Application information and details about eligible practices and payment rates are available by USDA Service Center Area. Applications for enrollment in EQIP are accepted on a continuous basis. However, each year a sign-up cutoff date will be established in order to batch a group of applications together for funding consideration in a given year. Applications that are received after the established cutoff date will be considered for the following funding year. Applications are then screened using an established set of screening questions. Applications which pass the screening will be marked as high priority, ranked and considered for funding. Applicants whose applications do not pass the screening will be contacted and informed what they may need to do to make their application eligible for funding consideration in future sign-ups. Landowners with high priority applications will be contacted by the NRCS field staff for the purpose of gathering data to rank the application. Typically this will involve a field visit.
Agricultural producers accepted into EQIP will enter into a contract with NRCS. EQIP offers contracts for practice implementation from one to ten years. These contracts provide financial assistance for implementing conservation practices. Additionally, producers will be responsible for securing all necessary permits and NRCS will complete environmental and cultural resource reviews before an EQIP application moves forward into the contracting phase.
Ranking of applications will be done in each of Maine's 15 USDA Service Center areas. The NRCS field staff will evaluate each eligible application. The ranking criteria have been developed with input from the State Technical Committee plus the USDA Local Working Group and will reflect National, State and local priorities. Maine's ranking criteria keys on Field Office Technical Guide resource concerns and quality criteria. Evaluation and ranking of applications will only be completed after NRCS field staff has completed the conservation planning process with a landowner. Higher priority will be given to applications that use cost-effective conservation practices, address national, state and local priority resource concerns, and provide long-lasting, environmental benefit.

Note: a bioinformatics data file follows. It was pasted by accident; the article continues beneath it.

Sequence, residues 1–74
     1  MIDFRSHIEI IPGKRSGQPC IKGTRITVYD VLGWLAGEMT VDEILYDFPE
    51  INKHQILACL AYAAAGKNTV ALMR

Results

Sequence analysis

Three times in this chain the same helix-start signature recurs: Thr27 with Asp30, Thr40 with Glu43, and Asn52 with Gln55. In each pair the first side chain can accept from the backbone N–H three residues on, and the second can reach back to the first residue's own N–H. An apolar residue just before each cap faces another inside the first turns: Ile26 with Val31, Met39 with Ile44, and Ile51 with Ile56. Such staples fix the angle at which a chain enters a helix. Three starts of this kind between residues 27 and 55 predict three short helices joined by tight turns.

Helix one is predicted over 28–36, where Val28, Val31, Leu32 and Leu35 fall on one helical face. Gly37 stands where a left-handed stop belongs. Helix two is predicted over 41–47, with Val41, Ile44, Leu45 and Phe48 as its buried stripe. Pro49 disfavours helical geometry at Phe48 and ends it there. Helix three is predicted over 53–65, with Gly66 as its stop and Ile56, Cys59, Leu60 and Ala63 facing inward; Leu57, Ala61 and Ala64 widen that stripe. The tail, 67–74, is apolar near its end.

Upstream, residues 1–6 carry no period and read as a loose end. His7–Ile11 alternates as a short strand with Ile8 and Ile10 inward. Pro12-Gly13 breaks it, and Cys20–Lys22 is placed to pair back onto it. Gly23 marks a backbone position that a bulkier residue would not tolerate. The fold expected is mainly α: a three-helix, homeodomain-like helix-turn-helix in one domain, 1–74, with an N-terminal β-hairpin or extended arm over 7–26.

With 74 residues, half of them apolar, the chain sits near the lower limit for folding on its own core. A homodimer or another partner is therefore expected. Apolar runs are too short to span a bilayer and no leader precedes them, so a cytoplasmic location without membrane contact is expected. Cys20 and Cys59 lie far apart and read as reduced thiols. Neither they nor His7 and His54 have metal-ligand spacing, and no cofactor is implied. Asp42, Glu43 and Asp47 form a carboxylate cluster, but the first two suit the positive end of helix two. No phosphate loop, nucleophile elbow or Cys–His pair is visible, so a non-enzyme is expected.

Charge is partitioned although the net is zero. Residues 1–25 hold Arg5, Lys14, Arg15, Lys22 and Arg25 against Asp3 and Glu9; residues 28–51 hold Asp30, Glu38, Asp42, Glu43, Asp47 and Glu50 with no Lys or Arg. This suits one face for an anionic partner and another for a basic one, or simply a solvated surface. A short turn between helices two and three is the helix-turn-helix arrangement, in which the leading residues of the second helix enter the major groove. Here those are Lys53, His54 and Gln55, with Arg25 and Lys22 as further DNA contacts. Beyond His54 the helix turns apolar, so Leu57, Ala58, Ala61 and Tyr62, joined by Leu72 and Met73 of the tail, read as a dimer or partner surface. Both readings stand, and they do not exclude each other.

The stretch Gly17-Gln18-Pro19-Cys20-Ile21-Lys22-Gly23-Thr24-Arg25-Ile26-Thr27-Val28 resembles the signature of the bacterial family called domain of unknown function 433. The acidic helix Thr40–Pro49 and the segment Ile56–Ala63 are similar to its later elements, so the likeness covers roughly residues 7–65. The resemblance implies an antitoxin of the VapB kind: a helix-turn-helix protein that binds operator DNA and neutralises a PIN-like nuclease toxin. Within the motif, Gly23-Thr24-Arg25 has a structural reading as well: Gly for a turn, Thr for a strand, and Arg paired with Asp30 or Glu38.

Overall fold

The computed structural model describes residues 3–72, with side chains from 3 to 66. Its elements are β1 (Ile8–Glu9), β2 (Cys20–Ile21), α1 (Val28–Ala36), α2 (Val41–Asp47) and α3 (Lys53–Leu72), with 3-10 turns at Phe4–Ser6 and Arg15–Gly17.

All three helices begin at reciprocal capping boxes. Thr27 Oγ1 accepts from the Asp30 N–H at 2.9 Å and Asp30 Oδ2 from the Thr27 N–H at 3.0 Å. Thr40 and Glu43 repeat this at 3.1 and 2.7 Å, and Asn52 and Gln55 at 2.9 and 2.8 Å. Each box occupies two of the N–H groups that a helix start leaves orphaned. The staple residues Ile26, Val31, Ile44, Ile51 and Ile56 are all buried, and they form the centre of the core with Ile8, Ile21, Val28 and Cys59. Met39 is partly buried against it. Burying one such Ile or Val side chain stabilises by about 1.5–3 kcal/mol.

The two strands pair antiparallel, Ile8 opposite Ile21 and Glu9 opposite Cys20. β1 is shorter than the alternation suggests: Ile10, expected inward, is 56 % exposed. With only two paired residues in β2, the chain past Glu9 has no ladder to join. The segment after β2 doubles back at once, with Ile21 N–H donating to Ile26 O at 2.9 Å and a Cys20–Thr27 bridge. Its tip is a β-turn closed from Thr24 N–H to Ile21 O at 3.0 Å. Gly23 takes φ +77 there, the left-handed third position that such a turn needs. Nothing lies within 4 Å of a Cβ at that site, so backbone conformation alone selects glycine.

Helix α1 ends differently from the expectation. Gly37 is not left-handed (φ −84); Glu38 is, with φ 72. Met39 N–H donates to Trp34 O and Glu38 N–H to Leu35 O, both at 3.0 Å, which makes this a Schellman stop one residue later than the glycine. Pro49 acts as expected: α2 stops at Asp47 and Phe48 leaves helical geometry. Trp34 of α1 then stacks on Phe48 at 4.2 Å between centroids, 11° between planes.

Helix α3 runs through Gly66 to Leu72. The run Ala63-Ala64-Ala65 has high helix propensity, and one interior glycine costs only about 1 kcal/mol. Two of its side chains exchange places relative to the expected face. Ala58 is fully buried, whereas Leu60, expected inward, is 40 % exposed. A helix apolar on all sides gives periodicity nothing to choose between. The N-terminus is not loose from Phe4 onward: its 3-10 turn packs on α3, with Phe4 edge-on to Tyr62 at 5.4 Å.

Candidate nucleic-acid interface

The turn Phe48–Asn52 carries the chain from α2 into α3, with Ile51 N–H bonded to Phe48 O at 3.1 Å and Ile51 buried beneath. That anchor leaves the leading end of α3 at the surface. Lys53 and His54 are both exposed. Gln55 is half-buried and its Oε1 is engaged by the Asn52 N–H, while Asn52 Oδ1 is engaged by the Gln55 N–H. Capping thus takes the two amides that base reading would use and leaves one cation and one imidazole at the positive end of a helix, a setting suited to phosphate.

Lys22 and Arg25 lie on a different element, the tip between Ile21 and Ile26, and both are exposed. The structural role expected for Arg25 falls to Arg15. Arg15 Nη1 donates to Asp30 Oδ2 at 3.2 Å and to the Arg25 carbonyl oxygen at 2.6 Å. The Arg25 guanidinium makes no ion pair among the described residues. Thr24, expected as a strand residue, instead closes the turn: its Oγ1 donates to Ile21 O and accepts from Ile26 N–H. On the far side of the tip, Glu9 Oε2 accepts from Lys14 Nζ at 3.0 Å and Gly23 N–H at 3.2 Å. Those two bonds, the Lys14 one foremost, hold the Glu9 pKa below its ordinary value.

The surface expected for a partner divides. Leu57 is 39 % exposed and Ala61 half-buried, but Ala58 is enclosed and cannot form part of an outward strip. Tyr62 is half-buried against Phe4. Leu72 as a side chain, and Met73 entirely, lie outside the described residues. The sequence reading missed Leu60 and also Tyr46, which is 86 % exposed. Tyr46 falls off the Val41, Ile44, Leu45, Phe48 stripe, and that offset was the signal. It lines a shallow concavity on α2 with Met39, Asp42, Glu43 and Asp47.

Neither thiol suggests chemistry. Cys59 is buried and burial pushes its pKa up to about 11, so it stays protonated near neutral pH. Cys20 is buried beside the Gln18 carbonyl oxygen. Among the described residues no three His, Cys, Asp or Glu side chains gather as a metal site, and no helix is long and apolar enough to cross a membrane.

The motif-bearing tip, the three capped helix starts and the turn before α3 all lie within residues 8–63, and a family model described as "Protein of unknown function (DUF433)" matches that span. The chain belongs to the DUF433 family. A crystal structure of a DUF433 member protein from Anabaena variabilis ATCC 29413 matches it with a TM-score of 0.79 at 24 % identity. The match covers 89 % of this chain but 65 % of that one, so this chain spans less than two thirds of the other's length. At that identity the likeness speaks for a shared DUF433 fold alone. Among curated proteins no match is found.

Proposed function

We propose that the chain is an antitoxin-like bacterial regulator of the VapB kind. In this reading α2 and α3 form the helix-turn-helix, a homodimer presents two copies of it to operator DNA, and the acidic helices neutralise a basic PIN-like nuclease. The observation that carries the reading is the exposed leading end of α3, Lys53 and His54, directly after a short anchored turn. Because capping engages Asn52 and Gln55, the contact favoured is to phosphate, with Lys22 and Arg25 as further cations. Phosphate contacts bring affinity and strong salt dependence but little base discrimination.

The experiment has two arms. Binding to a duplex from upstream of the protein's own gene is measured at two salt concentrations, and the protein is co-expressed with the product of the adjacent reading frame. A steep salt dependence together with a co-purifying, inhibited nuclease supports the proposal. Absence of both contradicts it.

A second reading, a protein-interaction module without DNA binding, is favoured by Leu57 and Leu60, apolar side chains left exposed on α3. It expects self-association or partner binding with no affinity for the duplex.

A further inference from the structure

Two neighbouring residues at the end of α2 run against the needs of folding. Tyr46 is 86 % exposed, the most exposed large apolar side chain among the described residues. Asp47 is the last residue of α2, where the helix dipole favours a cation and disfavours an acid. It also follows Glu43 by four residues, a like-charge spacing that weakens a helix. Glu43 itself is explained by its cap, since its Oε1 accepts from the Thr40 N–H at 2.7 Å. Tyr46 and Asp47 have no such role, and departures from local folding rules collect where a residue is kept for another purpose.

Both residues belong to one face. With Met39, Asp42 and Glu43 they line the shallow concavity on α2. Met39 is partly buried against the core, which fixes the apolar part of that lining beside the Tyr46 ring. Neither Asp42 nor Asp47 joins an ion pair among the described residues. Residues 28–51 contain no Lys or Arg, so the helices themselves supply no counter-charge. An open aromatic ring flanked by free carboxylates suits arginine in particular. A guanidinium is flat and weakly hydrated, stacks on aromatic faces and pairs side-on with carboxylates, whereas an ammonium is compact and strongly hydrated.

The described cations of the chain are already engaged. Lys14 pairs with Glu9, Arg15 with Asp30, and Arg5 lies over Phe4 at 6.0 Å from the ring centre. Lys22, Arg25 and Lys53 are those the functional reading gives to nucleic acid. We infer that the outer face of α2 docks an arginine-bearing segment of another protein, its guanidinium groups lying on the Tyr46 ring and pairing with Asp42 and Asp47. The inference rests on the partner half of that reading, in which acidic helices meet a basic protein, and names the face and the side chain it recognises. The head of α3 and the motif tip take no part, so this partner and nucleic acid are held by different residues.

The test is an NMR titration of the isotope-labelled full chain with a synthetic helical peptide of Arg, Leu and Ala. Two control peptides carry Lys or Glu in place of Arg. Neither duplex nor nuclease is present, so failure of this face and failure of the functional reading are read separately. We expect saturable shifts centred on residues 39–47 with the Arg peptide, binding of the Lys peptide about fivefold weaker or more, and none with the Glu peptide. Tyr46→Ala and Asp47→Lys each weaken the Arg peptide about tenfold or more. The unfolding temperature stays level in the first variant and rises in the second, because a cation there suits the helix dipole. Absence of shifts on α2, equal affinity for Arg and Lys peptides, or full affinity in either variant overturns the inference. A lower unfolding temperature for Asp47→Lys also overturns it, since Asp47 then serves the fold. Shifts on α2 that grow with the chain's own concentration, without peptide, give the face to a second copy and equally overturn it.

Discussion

Eligible Conservation Practices
Designated Conservationists, with input and recommendations from the USDA Local Working Group, have identified eligible practices and determined rates of payment rates for eligible practices.
Allocation of Funds
Program allocations are made to each of the 15 USDA Service Centers. Allocations are determined by a formula which takes into account three factors. These are: 1. the total demand in dollars of all ranked applications as a proportion of the total state demand, 2. the total number of landowners represented by those applications as a proportion of the entire state, and 3. the implementation rate of prior year contracts relative to the state’s implementation rate. Funds are allocated into locally-identified resource pools. These include: Cropland, Pasture, Animal Waste, Forestry and Wildlife. Other resource areas may be included if recommended by the USDA Local Working Group. Each of these will represent its own pool for ranking and selection purposes.
At the Service Center level, each USDA Local Working Group will recommend funding targets (as a percent of their total allocation) for each of the resource concern areas being addressed at their locale.
In addition to the county level allocations, state-wide funding for National and State initiatives will be announced from time to time. The application and ranking process will be identical to the county level program delivery except that the timelines may be different.
All NRCS personnel entering the farm, as a minimum, will wear disposable footwear while on site. At the end of the visit the footwear will be left at the site at a location of the producer's choosing for proper disposal to prevent any contamination. NRCS employees will implement additional biosecurity practices as required by the producer’s biosecurity plan.
For more information contact your local USDA Service Center.